Any place where people gather is now subject to scrutiny in this new world that we are all navigating day by day. Mixed-use centers are home to places for shopping, dining, living, working and playing and are not exempt. Proactive developers have a great opportunity to shape the future of what these communities will look like.
Even though so much uncertainty continues to surround COVID-19, companies that can pivot quickly will see growth as they nimbly shift current business models to implement innovative strategies to adapt to this new environment.
S.J. Collins Enterprises, a privately held, commercial real estate and retail development firm headquartered in Georgia, continues to press ahead with one such innovative project – The Interlock, a $450 million mixed-use development coming soon to emerging West Midtown in Atlanta.
The S.J. Collins Enterprises’ team is mindful of what a post-COVID world will look like while encouraging tenants to expand their footprint with outdoor space in mind. While The Interlock was already designed to offer more than 50,000 square feet of outdoor space and dining areas, the developer knows its success will be based on attracting visitors and residents to gather in safe spaces while also providing connection, activation and energetic places for people to thrive.
“With 50,000 square feet of outdoor space specifically for tables, chairs, soft cushion seating and fireplaces, we have elements ready to poise our restaurants for success,” said Jeff Garrison, partner at S.J. Collins Enterprises. “The future of fast-casual and sit-down restaurants will be directly tied to the availability of outdoor patios, easy walk-up windows or delivery to easily accessible parking spaces and technology and restaurants especially will have to accommodate these changes to be successful.”
In addition, The Interlock is equipped with a well thought out parking deck that conveniently connects to nearby retailers, allowing guests to proceed to their destinations without the use of an elevator in many cases, and parking close enough to restaurants for easy pick up or delivery right to diner’s cars. For office workers, the option of parking and walking quickly and directly to the workplace is another huge advantage.
The availability of greenspace will also continue to be a major factor in developments of the future. Beyond a curated selection of stores and eateries, mixed-use centers that encourage walking, biking and basking outdoors with Wi-Fi hot spots for people to work outdoors will see more success than enclosed, indoor spaces or shopping malls. With plenty of greenspace, patios and paths that connect throughout a property, like what is planned for at The Interlock, people will have the ability to gather, stroll and enjoy the open-air landscape without feeling overwhelmed by smaller confined spaces.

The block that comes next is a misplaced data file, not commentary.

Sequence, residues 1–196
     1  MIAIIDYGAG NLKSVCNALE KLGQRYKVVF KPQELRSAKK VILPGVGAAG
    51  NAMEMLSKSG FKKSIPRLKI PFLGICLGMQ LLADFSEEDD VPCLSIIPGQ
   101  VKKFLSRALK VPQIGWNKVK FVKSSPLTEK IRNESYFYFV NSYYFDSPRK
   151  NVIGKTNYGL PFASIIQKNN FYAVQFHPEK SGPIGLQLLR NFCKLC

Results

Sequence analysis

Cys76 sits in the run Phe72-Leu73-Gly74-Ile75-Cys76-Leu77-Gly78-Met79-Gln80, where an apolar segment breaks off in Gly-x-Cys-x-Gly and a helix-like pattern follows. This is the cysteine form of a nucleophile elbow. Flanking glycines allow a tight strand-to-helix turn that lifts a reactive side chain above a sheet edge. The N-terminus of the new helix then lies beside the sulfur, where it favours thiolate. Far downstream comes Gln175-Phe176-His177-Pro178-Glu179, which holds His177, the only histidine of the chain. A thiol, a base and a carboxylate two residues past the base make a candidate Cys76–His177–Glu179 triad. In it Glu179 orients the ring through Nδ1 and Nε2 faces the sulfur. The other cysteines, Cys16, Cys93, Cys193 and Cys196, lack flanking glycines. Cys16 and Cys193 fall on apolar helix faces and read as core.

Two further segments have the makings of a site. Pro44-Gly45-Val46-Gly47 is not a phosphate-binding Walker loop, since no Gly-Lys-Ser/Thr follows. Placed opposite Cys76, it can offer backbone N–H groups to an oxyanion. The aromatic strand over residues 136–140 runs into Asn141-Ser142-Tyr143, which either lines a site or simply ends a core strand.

Additionally, new health-conscious innovations will always have a place in mixed-use centers of the future. One example at The Interlock can be clearly seen in the developer’s choice for windows in its office spaces. View Smart Windows are being installed, a dynamic glass that tints automatically like a pair of transition sunglasses. The windows eliminate the need for blinds and can enhance people’s overall health and wellness by significantly reducing headaches, eyestrain and drowsiness.
“For workers returning to the office post-COVID, creating an environment focused on employee health is now a major priority,” said Christine Sweeney, regional director of View. “With its inherent health and wellness benefits, View Smart Windows have become even more beneficial, and the elimination of blinds and shades offers another advantage because they can be traps for viral pathogens.”
But as many things change for mixed-used projects over the next few years, some things will always remain.
“As this pandemic continues to convert the way the world operates, one thing will stay the same when it comes to commercial development – people crave connection,” said Justin Latone, senior vice president of leasing at S.J. Collins Enterprises. “Companies then can provide ways for people to connect safely while still providing opportunities to be together and maintain as much normalcy as possible, plus be flexible in this new environment, will be the ones that are the most successful.”